For Immediate Release:

The following quote is attributed to Sally Choe, Ph.D., director of the Office of Generic Drugs in the FDA’s Center for Drug Evaluation and Research

“This week, the FDA reached the milestone of approving more than 100 generic drug applications with a Competitive Generic Therapy designation. This achievement highlights the success of the Competitive Generic Therapy program, which was designed to encourage the development and marketing of generic drugs for products with little to no competition.

There has been incredible interest in the Competitive Generic Therapy program since its inception in 2017; hundreds of applicants have requested Competitive Generic Therapy designations, providing the ability for the FDA to approve more than 100 of these applications in less than four years, among a broad range of products and therapeutic areas.

Additionally, more than 80% of the first-approved applicants who were eligible for Competitive Generic Therapy exclusivity started marketing the drug within 75 days after FDA approval. This is a sign the program is achieving what we hoped–spurring both development and market availability of safe and effective generic drugs in areas of the market that previously had little to no competition, giving patients more affordable access to medicine.”

Additional Information

  • The first Competitive Generic Therapy (CGT)-designated abbreviated new drug application (ANDA), also known as a generic drug application, was approved on August 8, 2018. The related guidance for industry, Competitive Generic Therapies, was published as a draft in February 2019 and finalized in March 2020. The guidance describes the process that generic drug applicants should follow to request designation of a drug as a CGT and the criteria for that designation, as well as additional information about the CGT program.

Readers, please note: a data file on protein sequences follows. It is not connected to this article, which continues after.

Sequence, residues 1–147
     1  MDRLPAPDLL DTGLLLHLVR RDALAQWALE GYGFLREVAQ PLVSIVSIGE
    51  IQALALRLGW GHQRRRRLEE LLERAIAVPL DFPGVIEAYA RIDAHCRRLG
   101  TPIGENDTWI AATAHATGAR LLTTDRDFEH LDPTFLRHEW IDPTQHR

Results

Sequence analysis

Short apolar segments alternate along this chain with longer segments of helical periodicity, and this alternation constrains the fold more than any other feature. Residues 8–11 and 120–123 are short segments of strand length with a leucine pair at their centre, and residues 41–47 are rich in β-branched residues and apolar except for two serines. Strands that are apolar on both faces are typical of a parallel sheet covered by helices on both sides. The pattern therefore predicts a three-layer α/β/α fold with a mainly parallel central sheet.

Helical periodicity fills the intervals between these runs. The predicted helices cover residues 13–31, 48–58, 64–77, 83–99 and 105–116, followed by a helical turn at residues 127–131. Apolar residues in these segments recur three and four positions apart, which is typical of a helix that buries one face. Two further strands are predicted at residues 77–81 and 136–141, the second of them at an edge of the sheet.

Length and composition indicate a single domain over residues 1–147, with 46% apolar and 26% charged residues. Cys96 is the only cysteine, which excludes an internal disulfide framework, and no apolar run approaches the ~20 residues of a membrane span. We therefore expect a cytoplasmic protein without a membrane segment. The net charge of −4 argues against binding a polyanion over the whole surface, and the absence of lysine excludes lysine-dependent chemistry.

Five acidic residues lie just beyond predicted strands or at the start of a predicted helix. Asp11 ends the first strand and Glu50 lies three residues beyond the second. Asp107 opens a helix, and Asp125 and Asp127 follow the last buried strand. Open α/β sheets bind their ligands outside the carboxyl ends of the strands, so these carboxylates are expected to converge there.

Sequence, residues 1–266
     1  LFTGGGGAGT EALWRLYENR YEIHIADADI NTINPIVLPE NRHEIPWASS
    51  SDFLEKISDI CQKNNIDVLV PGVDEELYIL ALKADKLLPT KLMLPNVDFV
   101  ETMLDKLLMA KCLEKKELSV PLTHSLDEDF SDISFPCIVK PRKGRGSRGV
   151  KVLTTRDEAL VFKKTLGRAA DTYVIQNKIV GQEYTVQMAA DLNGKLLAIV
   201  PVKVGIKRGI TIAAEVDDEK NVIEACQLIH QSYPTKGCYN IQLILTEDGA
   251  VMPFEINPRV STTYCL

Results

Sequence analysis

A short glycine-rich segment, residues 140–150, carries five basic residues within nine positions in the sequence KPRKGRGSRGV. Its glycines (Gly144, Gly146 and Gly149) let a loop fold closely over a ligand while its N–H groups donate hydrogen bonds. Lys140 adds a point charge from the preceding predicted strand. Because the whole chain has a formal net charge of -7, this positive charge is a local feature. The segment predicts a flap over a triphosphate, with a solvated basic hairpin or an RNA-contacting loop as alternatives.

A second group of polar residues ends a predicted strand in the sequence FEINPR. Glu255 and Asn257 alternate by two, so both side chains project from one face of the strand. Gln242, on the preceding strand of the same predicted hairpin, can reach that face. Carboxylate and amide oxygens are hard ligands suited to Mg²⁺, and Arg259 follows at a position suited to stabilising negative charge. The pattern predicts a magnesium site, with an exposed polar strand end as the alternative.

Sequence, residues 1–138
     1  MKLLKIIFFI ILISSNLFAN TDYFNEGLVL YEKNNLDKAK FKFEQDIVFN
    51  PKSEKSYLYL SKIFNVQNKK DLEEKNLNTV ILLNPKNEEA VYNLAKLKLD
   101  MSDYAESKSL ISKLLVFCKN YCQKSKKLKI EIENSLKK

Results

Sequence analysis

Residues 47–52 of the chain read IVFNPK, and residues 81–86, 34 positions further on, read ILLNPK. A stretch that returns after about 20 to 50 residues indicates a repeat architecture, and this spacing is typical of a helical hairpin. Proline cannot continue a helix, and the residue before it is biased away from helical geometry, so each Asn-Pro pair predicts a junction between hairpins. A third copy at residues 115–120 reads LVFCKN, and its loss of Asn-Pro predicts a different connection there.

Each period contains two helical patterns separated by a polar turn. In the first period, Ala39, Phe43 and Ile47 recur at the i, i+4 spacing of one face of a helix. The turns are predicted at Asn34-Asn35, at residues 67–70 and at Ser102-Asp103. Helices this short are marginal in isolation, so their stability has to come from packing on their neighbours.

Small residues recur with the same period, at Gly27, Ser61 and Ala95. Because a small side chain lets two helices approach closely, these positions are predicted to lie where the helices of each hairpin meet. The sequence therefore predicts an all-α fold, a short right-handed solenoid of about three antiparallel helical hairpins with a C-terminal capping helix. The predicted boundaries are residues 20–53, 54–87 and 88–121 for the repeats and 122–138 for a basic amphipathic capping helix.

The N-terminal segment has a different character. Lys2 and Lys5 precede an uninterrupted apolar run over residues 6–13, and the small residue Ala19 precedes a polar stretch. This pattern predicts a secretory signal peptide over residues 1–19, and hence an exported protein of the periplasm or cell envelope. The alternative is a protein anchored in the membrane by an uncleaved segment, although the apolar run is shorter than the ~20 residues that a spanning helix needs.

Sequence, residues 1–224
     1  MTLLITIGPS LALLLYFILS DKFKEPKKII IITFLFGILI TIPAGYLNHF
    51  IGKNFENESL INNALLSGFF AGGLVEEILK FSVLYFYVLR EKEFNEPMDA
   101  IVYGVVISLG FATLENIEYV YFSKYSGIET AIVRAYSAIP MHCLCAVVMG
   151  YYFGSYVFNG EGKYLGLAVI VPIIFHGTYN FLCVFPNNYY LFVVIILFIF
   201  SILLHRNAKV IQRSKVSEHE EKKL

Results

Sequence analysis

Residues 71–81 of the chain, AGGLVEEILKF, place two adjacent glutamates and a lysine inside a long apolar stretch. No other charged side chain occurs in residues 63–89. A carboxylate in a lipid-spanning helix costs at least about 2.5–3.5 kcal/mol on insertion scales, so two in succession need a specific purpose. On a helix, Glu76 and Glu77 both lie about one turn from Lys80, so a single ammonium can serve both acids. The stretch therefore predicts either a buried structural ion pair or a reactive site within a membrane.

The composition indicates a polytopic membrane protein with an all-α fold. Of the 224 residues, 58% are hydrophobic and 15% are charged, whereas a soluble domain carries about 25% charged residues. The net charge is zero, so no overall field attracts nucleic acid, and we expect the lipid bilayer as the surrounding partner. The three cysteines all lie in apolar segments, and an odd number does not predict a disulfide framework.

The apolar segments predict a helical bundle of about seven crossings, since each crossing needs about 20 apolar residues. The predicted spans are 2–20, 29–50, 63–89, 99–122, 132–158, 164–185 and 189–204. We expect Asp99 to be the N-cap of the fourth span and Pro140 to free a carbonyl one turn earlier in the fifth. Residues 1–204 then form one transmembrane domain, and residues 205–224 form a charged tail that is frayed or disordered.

• At the request of the ANDA applicant, the FDA may take steps to expedite the development and review of ANDAs for drugs that receive a CGT designation. These actions can include product development or pre-submission meetings with the agency to discuss scientific issues or questions, or the format and content of a future ANDA, as well as mid-review-cycle meetings regarding any issues identified during the FDA’s review.
  • Additionally, applicants for drugs that receive a CGT designation may be eligible for a 180-day period of marketing exclusivity if they are the first approved applicant for that CGT and meet certain other conditions. Under a special forfeiture rule for CGTs, the applicant must commercially market the CGT within 75 calendar days after the date of approval of its ANDA, or it will forfeit its exclusivity. This marketing exclusivity blocks approval of competitive ANDAs, but only begins when the first CGT product is marketed. This provides an incentive to market the CGT quickly after it is first approved.
  • The CGT program is part of the FDA Drug Competition Action Plan, which seeks to foster generic competition and help address the high cost of drugs.

Related Information



The FDA, an agency within the U.S. Department of Health and Human Services, protects the public health by assuring the safety, effectiveness, and security of human and veterinary drugs, vaccines and other biological products for human use, and medical devices. The agency also is responsible for the safety and security of our nation’s food supply, cosmetics, dietary supplements, products that give off electronic radiation, and for regulating tobacco products.